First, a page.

Over and over the crow cries uncover the cornfield
Over and over the thresher and hovers the wheatfield
If the listener rearranges the last half of each line, they get
Over and over the crow cries and hovers the wheatfield
Over and over the thresher uncovers the cornfield
Which makes them much clearer.
Van Dyke Parks also penned more lyrics for Cabinessence not heard on any official release, nor bootlegged. They are unknown to have ever been recorded during tracking sessions.
The song is a waltz in the form of ABABC. All three sections are officially referred to as "Home on the Range", "Who Ran The Iron Horse", "The Grand Coulee Dam," respectively. The chorus features the repeated line, "Who ran the Iron Horse?" over chromatic harmonies.
According to the song's co-writer,
All my life I’ve been fascinated by waltzes. By this album I rolled around to doin’ what I call a rock and roll waltz with "Cabin Essence." The night I cut the instrumental part of it no one could believe that a waltz could rock that hard. I had the 6-string bass player play electric fuzz tones. This got it goin’ good. I was sure that I had recorded the most rockin’ waltz ever recorded.—Brian Wilson, c.1969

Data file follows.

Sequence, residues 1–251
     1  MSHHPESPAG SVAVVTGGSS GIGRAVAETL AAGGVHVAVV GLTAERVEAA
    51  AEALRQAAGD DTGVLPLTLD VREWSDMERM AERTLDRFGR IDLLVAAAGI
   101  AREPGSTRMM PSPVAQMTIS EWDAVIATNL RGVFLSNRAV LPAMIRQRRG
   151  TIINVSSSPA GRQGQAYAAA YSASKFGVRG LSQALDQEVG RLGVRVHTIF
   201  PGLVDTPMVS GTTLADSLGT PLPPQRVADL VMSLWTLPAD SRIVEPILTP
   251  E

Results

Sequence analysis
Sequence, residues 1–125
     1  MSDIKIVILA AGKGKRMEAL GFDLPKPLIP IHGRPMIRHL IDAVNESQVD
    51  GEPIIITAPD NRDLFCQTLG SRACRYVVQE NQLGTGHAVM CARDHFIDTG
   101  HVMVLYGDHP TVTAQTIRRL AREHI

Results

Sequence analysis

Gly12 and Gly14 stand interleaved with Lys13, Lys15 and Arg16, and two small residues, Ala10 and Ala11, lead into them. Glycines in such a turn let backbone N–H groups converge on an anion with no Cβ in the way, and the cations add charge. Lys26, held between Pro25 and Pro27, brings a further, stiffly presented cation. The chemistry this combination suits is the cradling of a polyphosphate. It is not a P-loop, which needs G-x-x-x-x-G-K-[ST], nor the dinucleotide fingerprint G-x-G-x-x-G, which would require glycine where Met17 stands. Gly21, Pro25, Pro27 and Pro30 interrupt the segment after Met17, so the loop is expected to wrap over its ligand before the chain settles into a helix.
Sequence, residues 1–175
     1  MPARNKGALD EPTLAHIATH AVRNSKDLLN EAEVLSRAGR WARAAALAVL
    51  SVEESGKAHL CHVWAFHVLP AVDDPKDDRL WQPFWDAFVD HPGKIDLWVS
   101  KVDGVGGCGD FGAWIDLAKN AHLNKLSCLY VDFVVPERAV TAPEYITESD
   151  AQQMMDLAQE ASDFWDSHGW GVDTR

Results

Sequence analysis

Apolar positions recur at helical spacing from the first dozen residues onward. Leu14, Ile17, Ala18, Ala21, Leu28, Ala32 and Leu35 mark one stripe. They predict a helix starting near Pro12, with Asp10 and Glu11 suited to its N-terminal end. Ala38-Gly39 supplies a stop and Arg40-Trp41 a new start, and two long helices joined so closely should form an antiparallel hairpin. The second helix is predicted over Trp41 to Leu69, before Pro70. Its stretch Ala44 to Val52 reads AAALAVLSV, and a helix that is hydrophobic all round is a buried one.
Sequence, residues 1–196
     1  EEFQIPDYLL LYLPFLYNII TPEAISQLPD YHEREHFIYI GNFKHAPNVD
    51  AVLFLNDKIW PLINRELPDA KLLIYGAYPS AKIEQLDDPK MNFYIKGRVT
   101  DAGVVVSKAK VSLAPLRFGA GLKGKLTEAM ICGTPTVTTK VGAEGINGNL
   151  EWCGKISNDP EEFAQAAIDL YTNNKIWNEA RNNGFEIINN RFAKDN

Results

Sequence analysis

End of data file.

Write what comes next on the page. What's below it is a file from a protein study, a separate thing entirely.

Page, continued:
According to British rock journalist Nick Kent,
The instrumental track juxtaposed both highly-advanced Western and Eastern musical references. There was the basic Cowboy and Indian thing as well as this indefinable oriental presence osmosing through the lavish arrangement.
The track was largely mixed and completed in December 1966, but lacked a lead vocal. Although the final Smile version would have most likely been released in monoaural sound, the track was eventually released in stereo as "Cabinessence" on their 1969 album 20/20, with a lead vocal overdub by Carl Wilson recorded on November 20, 1968. It was met with interest and praise upon its release in 1969 following "Our Prayer" due to its roots in the much publicized Smile project three years earlier.